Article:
Honestly, your just another ignorant LA liberal. (Even if your aren't self-proclaimed). The Central Valley produces 8% of the Nations ag on 1% of the total ag land in the country. Reservoirs made it possible to farm and feed you, yes feed you. Also read a book, the southern region is semi-arid, the northern receives more rain. When the state regulates your water use, and doesnt let you WATER YOUR CROPS its called, its a top down regulation. THUS CONGRESS CREATED. The fish; google it, its not indigenous or the the size of your palm. Ill let you know, I grew up there, and away at school in the bay area. Driving home, I take the back roads, the SJ river almost overflowed, the Mendota Slough same. Yet we cant use 100% of our needed water, not 100% of the water, but 100% to insure we can harvest. Next time you eat at IN N' OUT your meat came from Harris Ranch on the West Side of our valley, like it? Do you eat grapes or raisins? We produce more than anywhere, literally. Like peaches(or any stone fruit), pistachios, corn, beef, dairy, wheat, almonds, oranges, or kiwi? Hmm we grew them. Do where cotton? We grew that too. So our desert seems pretty fertile to me. Stay out, shut up, and keep driving. You keep eating our crops, SO RESEARCH THE STATISTICS our ALPHA is 1%, beta 1.3, compared to the rest of the nation. One more time, IF THE STATE REGULATES YOUR WATER AND DOESNT LET YOU USE TO THE POINT THAT YOUR CROPS DIE AND YOU CANT FEED YOUR FAMILY! ITS CONGRESS CREATED!!! If your so un-supportive of our needs, DONT EAT OUR HARD WORK!! KEEP DRIVING LA Liberal!!!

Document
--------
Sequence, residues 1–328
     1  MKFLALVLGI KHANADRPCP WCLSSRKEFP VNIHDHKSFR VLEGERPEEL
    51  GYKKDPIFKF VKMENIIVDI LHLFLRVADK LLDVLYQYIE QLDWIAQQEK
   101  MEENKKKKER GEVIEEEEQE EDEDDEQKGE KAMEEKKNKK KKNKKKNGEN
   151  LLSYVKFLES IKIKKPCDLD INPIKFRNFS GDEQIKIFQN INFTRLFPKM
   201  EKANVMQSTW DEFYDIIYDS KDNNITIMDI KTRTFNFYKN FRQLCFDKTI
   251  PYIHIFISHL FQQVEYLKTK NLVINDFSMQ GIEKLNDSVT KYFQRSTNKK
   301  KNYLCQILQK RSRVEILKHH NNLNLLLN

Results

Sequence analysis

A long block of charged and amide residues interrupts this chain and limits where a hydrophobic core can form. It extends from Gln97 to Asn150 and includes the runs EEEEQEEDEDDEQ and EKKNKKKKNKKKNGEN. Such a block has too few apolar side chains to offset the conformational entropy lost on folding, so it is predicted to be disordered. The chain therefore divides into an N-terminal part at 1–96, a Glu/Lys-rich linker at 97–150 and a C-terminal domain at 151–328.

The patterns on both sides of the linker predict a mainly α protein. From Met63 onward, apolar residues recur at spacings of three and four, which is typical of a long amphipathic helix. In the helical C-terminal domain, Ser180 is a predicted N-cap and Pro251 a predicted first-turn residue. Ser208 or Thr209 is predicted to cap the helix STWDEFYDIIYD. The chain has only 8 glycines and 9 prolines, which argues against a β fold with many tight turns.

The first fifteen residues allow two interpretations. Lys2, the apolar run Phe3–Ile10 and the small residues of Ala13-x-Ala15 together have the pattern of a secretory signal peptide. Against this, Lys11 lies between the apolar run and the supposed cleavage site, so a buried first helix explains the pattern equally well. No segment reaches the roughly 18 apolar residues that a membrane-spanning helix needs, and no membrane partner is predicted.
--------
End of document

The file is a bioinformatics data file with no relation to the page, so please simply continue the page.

Anonymous said...

BTW i checked your links, there liberal sources. Your the definition of an ignorant liberal, who only allows correlated comments of your personal opinion on your blog. You would be hard put if we feed your belly and send you water, so why dont you keep your mouth shut. Tell you what, for the summer, dont eat any corn, melons, grapes, In N Out, or wear cotton, k? By the way its April 2011, and the whole its been two years yada yada... uh yea! We have enough water and cant use because of a four inch fish and sending water to you! This is our heritage, our livlihood. Just like plastic surgery and films are yours. Are you even from Califnornia, I mean born here? If so whose side are you on? If your so liberal dont you support local farms? If it isnt from us, its shipped from afar. Your a living contridiction. Unless you personally have two acres to sustain yourself, in the fetile concrete block called southern california.

TH in SoC said...

Mr. Anonymous (20 April 2011):
Read my recent post titled, "The Death of the Central Valley." Hopefully that will clear up your misconceptions.

Valhalla Six said...


Also, why grow cotton? It requires SO much water to maintain. It is much better suited to be grown in the southeastern part of the United States.

"Any ecological unit has limited or definite carrying capacity." Vogl.

"Principle of stress, overuse, and system backlash." Vogl.

There is nothing wrong with the agriculture community. We are incredibly dependent on its products. However, if we want to avoid things such as dust bowls and total ecological collapse, it might be wise to find more effective ways to reach a sustainable amount of growth. That ecosystem will never die. It will just change in one way or another to kick you out. It will leave you and everyone who depends on your product, SOL. Teamwork is not just a function between man, but between man and his environment.